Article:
Someone planted two Leyland cypress in our yard a number of years ago and they are too close together, too close to the property line, and a stupid choice for a small back yard. I was getting ready to take them out 6 years ago when someone told me that if you cut the top out of a Leyland cypress it would die. That didn’t sound right to me so I came home and cut the tops our of ours. That was six years ago. We’ve kept them pruned to the top of the neighbor’s eight foot fence. They ain’t died yet.
On one of my jobs we kept pruning a Hollywood juniper that was in a large pot. It finally got to the point that it needed to get out of the pot and in the ground so we put it in a place that needed a nice plant. I work on it about twice a year. We are working on turning this location into something nice. I will include that before this series is completed.
This dwarf cryptomeria has been in a put and used in a foundation planting for over three years. We will trim it this fall and it will begin a process of miniaturization.
In my work I really abhor the use of Leyland cypress and/or Bradford pear trees. They are over-used, space consuming, smelly, and problematic. They are famous for growing too rapidly and falling apart in storms. I am being kind here. I could say some bad things about these plants.
However, if these trees are shaped properly, they will serve well. I have told you above about the Leylands in my yard. Here is a Bradford pear that my friend Santos planted in his yard 15 years ago. He prunes and shapes it every year. I have seen this tree withstand snow storms that have torn other Bradford pears apart.
And today I’ll finish with a black pine that I plant years ago and have maintained faithfully. This is one of my favorites.
Thanks for visiting Johntheplantman. As I have said, I am currently working on a full-color book on pruning techniques for ornamental plants. My wife and I are excited and we would love your suggestions and recommendations for what you would like to see in it. Leave a comment, if you please—John P. Schulz
In September I wrote an article titled, “Design a Landscape To Be Seen Through the Living Room Window.” My brother, Tom is a gifted artist and I have had paintings of his on my living room walls for years and years. I think it is fun now that, maybe, I can give him something for his wall. It’s not a picture but it is visible through the living room window.
Back in September, I had sprayed the weeds and set the plants out where they needed to be. Tom’s wife, Sheila, got a person to come and help with the labor a couple of weeks later. The window picture started changing rapidly:
The plants were installed and cypress chips were spread for an effective and attractive mulch. I like a shredded wood mulch on a hillside, too. It stays in place well and holds other things in place. The mulch also holds moisture well.
I like the way the color of the mulch turned this mountainside front yard into a river-like illusion.
I had also marked a lot of scrub trees that needed to be removed. I was happy to see a picture of the finished product. Sheila wanted white flowers and the “Emil Moliere” hydrangeas will make quite a show.
Interactions of Tom and Olive remind me of Christopher Robin and Pooh Bear. Olive remarked that things certainly did look different and that there would be no more worry about Tom having an accident while mowing that steep bank.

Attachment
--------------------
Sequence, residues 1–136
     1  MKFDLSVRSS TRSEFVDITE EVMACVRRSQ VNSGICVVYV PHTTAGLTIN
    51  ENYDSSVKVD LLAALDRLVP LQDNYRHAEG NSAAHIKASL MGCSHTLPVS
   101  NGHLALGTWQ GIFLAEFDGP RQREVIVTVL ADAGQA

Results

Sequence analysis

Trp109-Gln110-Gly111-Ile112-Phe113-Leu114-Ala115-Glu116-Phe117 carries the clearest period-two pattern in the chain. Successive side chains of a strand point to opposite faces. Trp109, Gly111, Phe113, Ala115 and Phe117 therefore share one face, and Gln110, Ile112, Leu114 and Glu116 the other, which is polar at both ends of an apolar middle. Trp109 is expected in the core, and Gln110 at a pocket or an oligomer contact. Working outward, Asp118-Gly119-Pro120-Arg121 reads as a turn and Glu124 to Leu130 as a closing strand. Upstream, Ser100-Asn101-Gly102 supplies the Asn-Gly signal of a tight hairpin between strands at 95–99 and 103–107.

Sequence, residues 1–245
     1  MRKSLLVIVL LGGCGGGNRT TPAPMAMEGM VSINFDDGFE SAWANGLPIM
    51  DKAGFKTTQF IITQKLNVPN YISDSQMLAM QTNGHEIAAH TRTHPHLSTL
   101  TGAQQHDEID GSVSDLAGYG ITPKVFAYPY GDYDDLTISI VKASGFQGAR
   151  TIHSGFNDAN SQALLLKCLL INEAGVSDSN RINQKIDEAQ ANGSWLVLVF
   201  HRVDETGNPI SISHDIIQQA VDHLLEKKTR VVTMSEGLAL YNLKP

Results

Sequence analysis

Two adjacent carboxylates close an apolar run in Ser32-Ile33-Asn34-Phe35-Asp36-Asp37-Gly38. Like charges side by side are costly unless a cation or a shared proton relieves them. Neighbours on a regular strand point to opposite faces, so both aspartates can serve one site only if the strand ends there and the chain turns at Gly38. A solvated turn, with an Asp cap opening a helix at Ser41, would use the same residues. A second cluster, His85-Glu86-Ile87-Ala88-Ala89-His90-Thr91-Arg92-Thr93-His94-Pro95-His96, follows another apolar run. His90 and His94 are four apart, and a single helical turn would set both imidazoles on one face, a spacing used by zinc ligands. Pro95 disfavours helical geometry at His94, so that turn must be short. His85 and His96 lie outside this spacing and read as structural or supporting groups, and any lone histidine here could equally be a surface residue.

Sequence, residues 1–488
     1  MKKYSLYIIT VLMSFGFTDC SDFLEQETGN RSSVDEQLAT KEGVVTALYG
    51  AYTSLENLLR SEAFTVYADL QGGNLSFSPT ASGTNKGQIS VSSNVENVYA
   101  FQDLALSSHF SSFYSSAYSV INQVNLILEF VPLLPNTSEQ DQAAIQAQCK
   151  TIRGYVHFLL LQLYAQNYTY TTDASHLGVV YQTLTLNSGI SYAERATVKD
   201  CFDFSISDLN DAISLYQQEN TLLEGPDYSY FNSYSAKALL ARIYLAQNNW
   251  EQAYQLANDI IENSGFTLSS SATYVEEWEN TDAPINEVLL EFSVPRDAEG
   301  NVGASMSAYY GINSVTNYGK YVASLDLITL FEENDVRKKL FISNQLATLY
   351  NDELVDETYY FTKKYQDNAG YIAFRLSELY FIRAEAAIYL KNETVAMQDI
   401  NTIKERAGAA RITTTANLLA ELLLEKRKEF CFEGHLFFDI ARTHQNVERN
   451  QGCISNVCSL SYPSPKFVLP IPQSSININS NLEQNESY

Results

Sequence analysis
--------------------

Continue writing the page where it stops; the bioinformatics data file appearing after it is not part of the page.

Sheila admires things from the street. All is well. Tom is grinning because of “happy wife, happy life,”
Every year when the first cool front of October rolls in I get lots and lots of questions about pruning their landscape and house plants. For years I have enjoyed shaping plants while picturing what they will look like next year or after several years have passed.
This week I have gone into my daunting list of past articles on pruning to review. Here are a few of the links. I hope they help.
I got a text message the other day saying that the Japanese maples needed pruning. I had been expecting this so I shifted my schedule around, sharpened my Felco pruning shears, grabbed my camera and headed out.
My friend Tommy called me the other day. It seems that we had planted a large yaupon holly tree in his front yard a number of years ago and I shaped it into a topiary form. Tommy has kept it pruned for a number of years but now he is getting too old to want to get on the ladder any more. Notice the wording—not “too old to get on the ladder”, but “too old to wantto get on the ladder.”
Pruning season is coming up. I wrote this article some time ago in answer to the many questions I receive about pruning. It’s really a very simple process.
Growing a plant is one thing. Shaping plants well is an art form and adds another dimension to your plant growing experience. Here is an article that tells you what happens when you prune. This information applies to just about any kind of shrub or tree.
Even though it was long ago I can still picture the lady. She was bent over and wrinkled. Her skin looked like aged leather. She had a cane that had been carved from a stick that was also bent and twisted from growing with a vine wrapped around it. I was a five-year-old boy growing up in the rural south and I was busy watching, noticing, and learning about the wonders around me.
It is a vivid memory. I was crouched down staring at a most peculiar spider which was spinning a most peculiar web when I heard the old lady’s most peculiar voice as she said, “Don’t point at it.”
“What?” I asked as my hand began moving up to point at the spider. My hand was gently pushed aside by the lady’s cane.
“That’s a writing spider,” she said. “If you point at her she will write your name in the web and you will die.”